Knowledge of the entanglement properties of the wave functions commonly used to describe quantum many-particle systems can enhance our understanding of their correlation structure and provide new insights into quantum phase transitions that are observed experimentally or predicted theoretically. To illustrate this theme, we first examine the bipartite entanglement contained in the wave functions generated by microscopic many-body theory for the transverse Ising model, a system of Pauli spins on a lattice that exhibits an order-disorder magnetic quantum phase transition under (...) variation of the coupling parameter. Results for the single-site entanglement and measures of two-site bipartite entanglement are obtained for optimal wave functions of Jastrow-Hartree type. Second, we address the nature of bipartite and tripartite entanglement of spins in the ground state of the noninteracting Fermi gas, through analysis of its two- and three-fermion reduced density matrices. The presence of genuine tripartite entanglement is established and characterized by implementation of suitable entanglement witnesses and stabilizer operators. We close with a broader discussion of the relationships between the entanglement properties of strongly interacting systems of identical quantum particles and the dynamical and statistical correlations entering their wave functions. (shrink)
Arne Naess's ?rules of Gandhian nonviolence? might usefully be applied to recent debates in ecophilosophy. The ?radical ecologies? have increasingly been depicted as mutually exclusive alternatives lacking any common ground, and many of the hostile and antagonistic attitudes that Naess cautions against have become prevalent. Naess suggests, however, that fundamental differences concerning theory and practice can coexist with a respect for one's opponents, an openness to the views of others, and a commitment to cooperation in the pursuit of mutually held (...) goals. I raise questions about the scope of deep ecology in the light of Naess's non?ideological, ?deep questioning? approach. First, I ask whether an expanded consideration of the social institutional implications of deep ecology would not increase its depth, relevance, and appeal to proponents of other ecologies. Second, I pose the question of whether certain tendencies to define deep ecology in stark opposition to other ecophilosophies have not impeded the original aims of the movement. And, finally, I suggest that possible answers to these questions are implicit in Arne Naess's ecophilosophy. (shrink)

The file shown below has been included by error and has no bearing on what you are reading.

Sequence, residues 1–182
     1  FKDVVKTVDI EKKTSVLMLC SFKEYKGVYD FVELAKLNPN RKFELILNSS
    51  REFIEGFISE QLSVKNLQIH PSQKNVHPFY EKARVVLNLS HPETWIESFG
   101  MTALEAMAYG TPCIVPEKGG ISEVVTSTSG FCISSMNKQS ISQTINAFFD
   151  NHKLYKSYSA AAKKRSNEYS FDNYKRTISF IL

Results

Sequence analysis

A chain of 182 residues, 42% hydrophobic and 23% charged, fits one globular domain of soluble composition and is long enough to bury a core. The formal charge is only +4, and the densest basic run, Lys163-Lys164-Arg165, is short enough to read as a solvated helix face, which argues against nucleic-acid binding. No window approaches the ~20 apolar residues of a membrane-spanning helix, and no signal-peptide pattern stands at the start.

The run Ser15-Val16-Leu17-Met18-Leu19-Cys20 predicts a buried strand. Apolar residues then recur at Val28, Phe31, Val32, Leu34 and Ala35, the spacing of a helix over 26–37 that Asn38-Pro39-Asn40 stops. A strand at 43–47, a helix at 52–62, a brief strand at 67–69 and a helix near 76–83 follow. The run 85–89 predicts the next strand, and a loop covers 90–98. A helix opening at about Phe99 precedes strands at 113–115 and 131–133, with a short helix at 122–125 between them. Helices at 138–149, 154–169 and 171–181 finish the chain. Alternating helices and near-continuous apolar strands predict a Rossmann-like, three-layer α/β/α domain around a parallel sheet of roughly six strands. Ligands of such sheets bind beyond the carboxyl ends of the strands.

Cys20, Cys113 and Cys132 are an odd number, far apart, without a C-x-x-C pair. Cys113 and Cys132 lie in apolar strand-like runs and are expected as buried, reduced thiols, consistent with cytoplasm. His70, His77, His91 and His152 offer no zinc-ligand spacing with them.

Part fashion spread, part adventure guide, and all Utah cultural treasure, this book is a stunning visual record of six female Univeristy of Utah students who explored Zion National Park in 1920 as its first official tourists.
Postmodernism has established a significant hold in educational thought and some of the most important ideas are to be found in the writings of Michael Peters. This paper examines his postmodern stance and use of Lyotard's account of knowledge, and from a naturalist point of view raises a number of objections centred on science as a metanarrative, the unity of the empirical and the evaluative, and reason, truth and the growth of knowledge. It is concluded that postmodern epistemology, unlike naturalism, (...) does not serve education well. (shrink)